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Chief Industry Visionaries: Zoë Brunson, Chief Investment Strategist, AssetMark

Institutional Investor • 15 February 2024
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Sub-Advisory Institute Award Recognition

The Sub-Advisory Institute is recognizing three Chief Industry Visionaries of the sub-advisory and manager research space this year – individuals who have had a rich history of demonstrating foresight and implementing innovative strategies in the industry while contributing to the conversations and directions between peers at industry events and gatherings. We spoke to our three inaugural recipients on their experiences and thoughts, and lessons and insights for allocators across the board.
Nominated as Industry Visionary recipient, Zoë Brunson is Chief Investment Strategist at AssetMark, where she oversees a turnkey asset management platform with over $20 billion in assets. Founded in 1996 and based in Concord, California, the $100 billion firm provides wealth management and technology solutions to more than 9,200 financial advisors. She is a CFA holder and continues to support CitySquash, a not-for-profit after-school enrichment program in the Bronx at Fordham University, where she mentored and volunteered prior to moving to California.
Zoë is a graduate of London’s Kingston University, where she received her BSc (Hons) in Business Information Technology. Following graduation, she joined the actuarial firm Bacon & Woodrow as a pension assistant, then State Street Trust & Bank as a performance analyst based in London. After nine years at Standard & Poor’s leading their due diligence and model management teams, Zoë left for AssetMark in 2007 to help build out their due diligence capabilities.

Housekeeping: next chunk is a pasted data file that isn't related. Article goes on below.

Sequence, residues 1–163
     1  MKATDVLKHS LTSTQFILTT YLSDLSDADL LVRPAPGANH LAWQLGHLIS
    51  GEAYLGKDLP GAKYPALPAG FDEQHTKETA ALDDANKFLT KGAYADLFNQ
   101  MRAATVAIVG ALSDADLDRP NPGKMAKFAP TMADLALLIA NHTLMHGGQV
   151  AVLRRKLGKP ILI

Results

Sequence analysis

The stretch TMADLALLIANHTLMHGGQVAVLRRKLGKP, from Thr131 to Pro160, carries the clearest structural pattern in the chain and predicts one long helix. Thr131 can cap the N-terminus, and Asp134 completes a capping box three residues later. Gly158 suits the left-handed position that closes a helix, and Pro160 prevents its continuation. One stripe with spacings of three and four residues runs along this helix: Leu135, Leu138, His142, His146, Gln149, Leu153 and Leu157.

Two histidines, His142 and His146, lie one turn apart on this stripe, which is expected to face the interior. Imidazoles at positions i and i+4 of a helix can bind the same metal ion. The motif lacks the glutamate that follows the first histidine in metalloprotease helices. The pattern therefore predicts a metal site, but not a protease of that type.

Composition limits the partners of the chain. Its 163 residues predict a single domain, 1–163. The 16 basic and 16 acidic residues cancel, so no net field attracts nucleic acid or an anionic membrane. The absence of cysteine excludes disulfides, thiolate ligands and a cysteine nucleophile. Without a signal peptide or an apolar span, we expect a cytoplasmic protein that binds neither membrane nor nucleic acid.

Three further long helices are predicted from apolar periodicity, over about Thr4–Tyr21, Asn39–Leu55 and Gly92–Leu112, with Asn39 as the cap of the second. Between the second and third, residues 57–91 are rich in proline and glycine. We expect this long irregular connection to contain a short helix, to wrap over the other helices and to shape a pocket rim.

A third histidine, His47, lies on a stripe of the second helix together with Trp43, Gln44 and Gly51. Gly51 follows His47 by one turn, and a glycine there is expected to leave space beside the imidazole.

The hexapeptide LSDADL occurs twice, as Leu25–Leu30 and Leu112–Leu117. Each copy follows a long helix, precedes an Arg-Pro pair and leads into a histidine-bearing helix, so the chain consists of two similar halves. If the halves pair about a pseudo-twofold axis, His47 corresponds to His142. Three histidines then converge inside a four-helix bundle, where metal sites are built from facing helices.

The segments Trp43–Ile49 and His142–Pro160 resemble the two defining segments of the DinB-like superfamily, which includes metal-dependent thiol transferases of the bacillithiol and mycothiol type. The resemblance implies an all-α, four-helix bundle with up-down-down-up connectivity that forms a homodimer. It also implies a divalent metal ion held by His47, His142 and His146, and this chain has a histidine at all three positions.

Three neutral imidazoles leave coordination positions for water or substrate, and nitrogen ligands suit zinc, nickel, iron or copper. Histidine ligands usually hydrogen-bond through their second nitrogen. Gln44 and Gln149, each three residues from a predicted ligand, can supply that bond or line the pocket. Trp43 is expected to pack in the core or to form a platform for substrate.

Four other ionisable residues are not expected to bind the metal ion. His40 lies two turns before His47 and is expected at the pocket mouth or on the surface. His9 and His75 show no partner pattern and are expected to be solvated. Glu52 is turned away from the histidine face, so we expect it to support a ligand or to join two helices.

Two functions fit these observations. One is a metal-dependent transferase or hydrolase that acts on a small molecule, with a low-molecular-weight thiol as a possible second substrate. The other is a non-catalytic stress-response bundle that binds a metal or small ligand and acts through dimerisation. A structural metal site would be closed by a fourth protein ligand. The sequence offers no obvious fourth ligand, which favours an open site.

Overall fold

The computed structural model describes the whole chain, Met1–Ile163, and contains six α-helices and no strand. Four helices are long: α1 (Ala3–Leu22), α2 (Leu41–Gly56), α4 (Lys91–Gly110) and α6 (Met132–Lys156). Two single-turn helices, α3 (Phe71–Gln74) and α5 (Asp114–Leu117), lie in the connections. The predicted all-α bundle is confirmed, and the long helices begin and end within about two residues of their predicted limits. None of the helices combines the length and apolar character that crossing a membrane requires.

Zoë's expertise extends far beyond due diligence. Over the past 17 years, while continuing to lead due diligence, she’s held multiple roles, including management of strategies and mutual funds, provision of investment content, and most recently, building out investment consulting capabilities. As Senior Vice President, Zoë is currently responsible for driving the investment platform framework and curated list of investment managers, alongside portfolio construction guidance for advisors through investment mastery programs and investment consulting services.
The following is edited for length and clarity.

Can you share on broad overview of what your asset allocation strategy looks like today?

What makes AssetMark unique is that we have both third-party investment solutions and a proprietary suite, all focused on providing different asset allocation strategies. As a platform, we believe in going beyond traditional asset class diversification and focus on strategy diversification. Although my purview is more on selecting third-party solutions than managing our proprietary suite, I do oversee the full platform and the way we’re thinking about helping advisors build portfolios.  
It’s not just a mix of asset classes; it’s a mix of different strategies that either emphasize the goal you’re trying to achieve or manage risk in the portfolio rather than simply trying to beat a benchmark. If you think about clients having goals – growth, income, or defense – you can tilt or bias the portfolio to what the clients want to meet those goals.

Any factors that influence you most when evaluating new investment opportunities?